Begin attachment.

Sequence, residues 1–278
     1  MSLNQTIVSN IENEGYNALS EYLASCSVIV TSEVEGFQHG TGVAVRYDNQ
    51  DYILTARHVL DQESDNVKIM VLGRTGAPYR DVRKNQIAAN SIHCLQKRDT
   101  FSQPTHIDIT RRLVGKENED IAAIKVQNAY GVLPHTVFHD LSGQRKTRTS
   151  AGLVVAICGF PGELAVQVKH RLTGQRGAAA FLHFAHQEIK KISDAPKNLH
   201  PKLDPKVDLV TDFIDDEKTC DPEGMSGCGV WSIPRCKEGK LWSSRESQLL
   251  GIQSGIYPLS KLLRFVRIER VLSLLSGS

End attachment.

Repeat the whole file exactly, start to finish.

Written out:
Sequence, residues 1–278
     1  MSLNQTIVSN IENEGYNALS EYLASCSVIV TSEVEGFQHG TGVAVRYDNQ
    51  DYILTARHVL DQESDNVKIM VLGRTGAPYR DVRKNQIAAN SIHCLQKRDT
   101  FSQPTHIDIT RRLVGKENED IAAIKVQNAY GVLPHTVFHD LSGQRKTRTS
   151  AGLVVAICGF PGELAVQVKH RLTGQRGAAA FLHFAHQEIK KISDAPKNLH
   201  PKLDPKVDLV TDFIDDEKTC DPEGMSGCGV WSIPRCKEGK LWSSRESQLL
   251  GIQSGIYPLS KLLRFVRIER VLSLLSGS